Formal Definition: Physician Assistant (PA) works under the direction of a physician to provide diagnostic and preventive care. PA is an integral part of the medical team and increasingly relied upon to assist physicians in the diagnosis and treatment of patients. The Bureau of Labor Statistics defines the role of physician assistant as follows: "Physician Assistants (PAs) practice treatment under the supervision of doctors and surgeons Physician Assistant is formally trained to provide diagnostic, therapeutic and preventive health services, as delegated by doctors."

Required Education: Full-time students enrolled in the Physician Assistant education program typically complete all required courses in two years. The program focuses on medical aspects of health care such as classroom and lab teaching in biochemistry, pathology, human anatomy, medical ethics, and other subjects. Similar to nurse practitioners, Physician Assistant also trains to work in a particular specialty. Note: Unlike Nurse Practitioner programs, previous health care experience is not always required for the applicant. Depending on the program, students can start the course after earning their undergraduate degree. Physician Assistant programs require less education and students may choose to switch to another masters degree.

License and Certification: The law varies by country, but all Physician Assistants must complete an accredited education program and pass a national exam before practicing.

Main Job Tasks:
* Track the patient's medical history and symptoms
* Order a laboratory test and analyze results with a doctor
* Provides a number of recipes
* Tell patients about preventive health care
* Treating minor injuries or pain
* Refer patients to specialists as needed
* Differences: Unlike Nurse Practitioner, Physician Assistant should practice medicine under the direct supervision of doctors and surgeons.

Work Environment: Physician Assistants work in a variety of settings, including:
* Surgeon Assistant - helps surgeons in the operating room
* Assistant Neonatologist - helps care for newborns
* Anesthesiology Assistant - helps the anesthesiologist
* Emergency Medicine - helps emergency room physicians

Other Specialization:
* Family practice
* Internal disease
* Geriatric Treatment
* Pediatric Treatment

Salary and Job Outlook: Depending on the training area and level of experience, the average Physician Assistant wage is approximately $ 87,000 a year. The career prospects for Physician Assistant are very promising. As one of the fastest growing jobs of the decade, students can find employment in hospitals, medical offices, and clinics across the country.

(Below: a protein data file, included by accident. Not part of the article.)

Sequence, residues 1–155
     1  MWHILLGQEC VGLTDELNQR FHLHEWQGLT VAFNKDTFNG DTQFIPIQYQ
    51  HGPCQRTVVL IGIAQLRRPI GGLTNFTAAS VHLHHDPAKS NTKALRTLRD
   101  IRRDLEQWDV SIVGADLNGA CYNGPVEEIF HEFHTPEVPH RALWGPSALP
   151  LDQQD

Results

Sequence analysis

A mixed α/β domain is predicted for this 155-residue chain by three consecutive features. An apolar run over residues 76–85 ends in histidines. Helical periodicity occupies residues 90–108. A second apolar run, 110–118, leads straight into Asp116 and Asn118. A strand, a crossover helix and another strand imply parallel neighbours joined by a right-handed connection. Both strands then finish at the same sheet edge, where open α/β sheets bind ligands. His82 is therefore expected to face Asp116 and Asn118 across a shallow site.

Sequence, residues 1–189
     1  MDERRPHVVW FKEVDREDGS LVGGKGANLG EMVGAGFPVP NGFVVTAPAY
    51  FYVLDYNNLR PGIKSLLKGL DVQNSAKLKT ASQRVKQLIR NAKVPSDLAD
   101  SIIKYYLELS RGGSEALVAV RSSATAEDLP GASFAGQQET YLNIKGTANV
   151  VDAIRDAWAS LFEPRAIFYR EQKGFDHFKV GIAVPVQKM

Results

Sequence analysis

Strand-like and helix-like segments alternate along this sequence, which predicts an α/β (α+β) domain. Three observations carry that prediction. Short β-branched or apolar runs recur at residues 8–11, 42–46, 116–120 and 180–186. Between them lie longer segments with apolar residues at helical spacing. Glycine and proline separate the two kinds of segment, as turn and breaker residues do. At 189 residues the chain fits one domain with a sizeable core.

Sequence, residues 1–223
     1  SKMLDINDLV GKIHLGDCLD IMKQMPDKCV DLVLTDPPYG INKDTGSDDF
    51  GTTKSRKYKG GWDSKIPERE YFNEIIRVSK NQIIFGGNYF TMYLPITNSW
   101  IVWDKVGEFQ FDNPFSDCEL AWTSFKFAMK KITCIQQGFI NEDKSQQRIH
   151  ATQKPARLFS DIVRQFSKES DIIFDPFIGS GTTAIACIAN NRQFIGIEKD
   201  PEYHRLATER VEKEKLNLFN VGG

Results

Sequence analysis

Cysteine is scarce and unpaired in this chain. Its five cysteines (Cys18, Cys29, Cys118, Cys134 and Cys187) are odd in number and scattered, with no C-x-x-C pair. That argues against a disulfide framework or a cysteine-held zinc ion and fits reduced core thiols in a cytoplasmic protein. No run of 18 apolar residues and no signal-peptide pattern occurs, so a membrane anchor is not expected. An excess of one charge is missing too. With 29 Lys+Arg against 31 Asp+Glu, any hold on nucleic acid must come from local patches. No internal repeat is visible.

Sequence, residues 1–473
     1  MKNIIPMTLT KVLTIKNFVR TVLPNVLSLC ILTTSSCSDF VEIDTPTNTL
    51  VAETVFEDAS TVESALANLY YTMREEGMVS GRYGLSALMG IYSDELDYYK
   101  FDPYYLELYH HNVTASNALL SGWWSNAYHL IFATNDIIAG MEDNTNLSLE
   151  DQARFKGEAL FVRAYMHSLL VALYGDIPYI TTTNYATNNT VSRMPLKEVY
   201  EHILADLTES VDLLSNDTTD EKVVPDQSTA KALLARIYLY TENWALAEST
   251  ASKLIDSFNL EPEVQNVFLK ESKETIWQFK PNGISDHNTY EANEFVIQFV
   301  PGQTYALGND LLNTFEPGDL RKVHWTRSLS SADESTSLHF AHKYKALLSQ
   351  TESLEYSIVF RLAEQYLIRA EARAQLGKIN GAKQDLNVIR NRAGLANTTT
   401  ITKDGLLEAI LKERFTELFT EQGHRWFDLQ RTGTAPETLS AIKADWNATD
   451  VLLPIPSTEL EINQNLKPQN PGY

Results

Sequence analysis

What career is right for you?

Prospective students have important decisions to make in terms of continuing education. Deciding which areas of nursing specialize is a good start. Careers as nurse practitioners or as physician assistants are just two of the many paths. The degree of autonomy you want and how much time you can dedicate to your education is an important factor to consider in determining which path is right for you. Several hospitals and medical clinics asked the Nurse Practitioner to have ten years of experience before beginning their training. Alternatively, Physician Assistants may start their careers with far less job training and do not have advanced degrees. Review our list of accredited schools to find the best program to help you meet your professional goals and take your career to the next level.

Important Facts to Know about the MSN Program

The Master of Science in Nursing (MSN) is a bachelor degree sought by nurses who wish to continue further training. Those who choose a masters degree in nursing must already be or are pursuing a bachelor's degree in nursing or related fields. Once a bachelor's degree is obtained, you may choose to apply to a master's degree program.

There are many different types of MSN degrees, so it's important to find the right program for your career goals.
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Certification for Nurse Practitioners - Getting national certification is required by many states and employers for nursing practitioners and other advanced nursing practitioners. Credentialing is available at ANCC (American Nurses Credentialing Center) and the AANP (American Academy of Nurse Practitioners). Candidates are required to pass a certification exam in a specialized field to get certified. Typically, this area of specialization is equivalent to graduate degree programs who have completed their education.